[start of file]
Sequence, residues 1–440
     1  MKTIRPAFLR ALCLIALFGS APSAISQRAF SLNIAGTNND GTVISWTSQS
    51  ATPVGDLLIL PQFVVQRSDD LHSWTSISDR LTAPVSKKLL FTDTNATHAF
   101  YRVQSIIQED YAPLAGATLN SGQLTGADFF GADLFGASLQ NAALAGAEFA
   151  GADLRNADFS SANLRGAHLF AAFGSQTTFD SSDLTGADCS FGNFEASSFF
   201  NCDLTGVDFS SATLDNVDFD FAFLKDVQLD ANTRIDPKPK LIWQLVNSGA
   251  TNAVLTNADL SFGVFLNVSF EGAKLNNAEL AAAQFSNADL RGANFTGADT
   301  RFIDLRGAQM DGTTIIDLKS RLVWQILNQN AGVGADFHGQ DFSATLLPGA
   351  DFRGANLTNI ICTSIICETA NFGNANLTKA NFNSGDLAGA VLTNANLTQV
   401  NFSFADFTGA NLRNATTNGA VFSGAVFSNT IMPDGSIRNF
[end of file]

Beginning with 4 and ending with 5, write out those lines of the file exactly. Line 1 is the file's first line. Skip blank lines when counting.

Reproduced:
   101  YRVQSIIQED YAPLAGATLN SGQLTGADFF GADLFGASLQ NAALAGAEFA
   151  GADLRNADFS SANLRGAHLF AAFGSQTTFD SSDLTGADCS FGNFEASSFF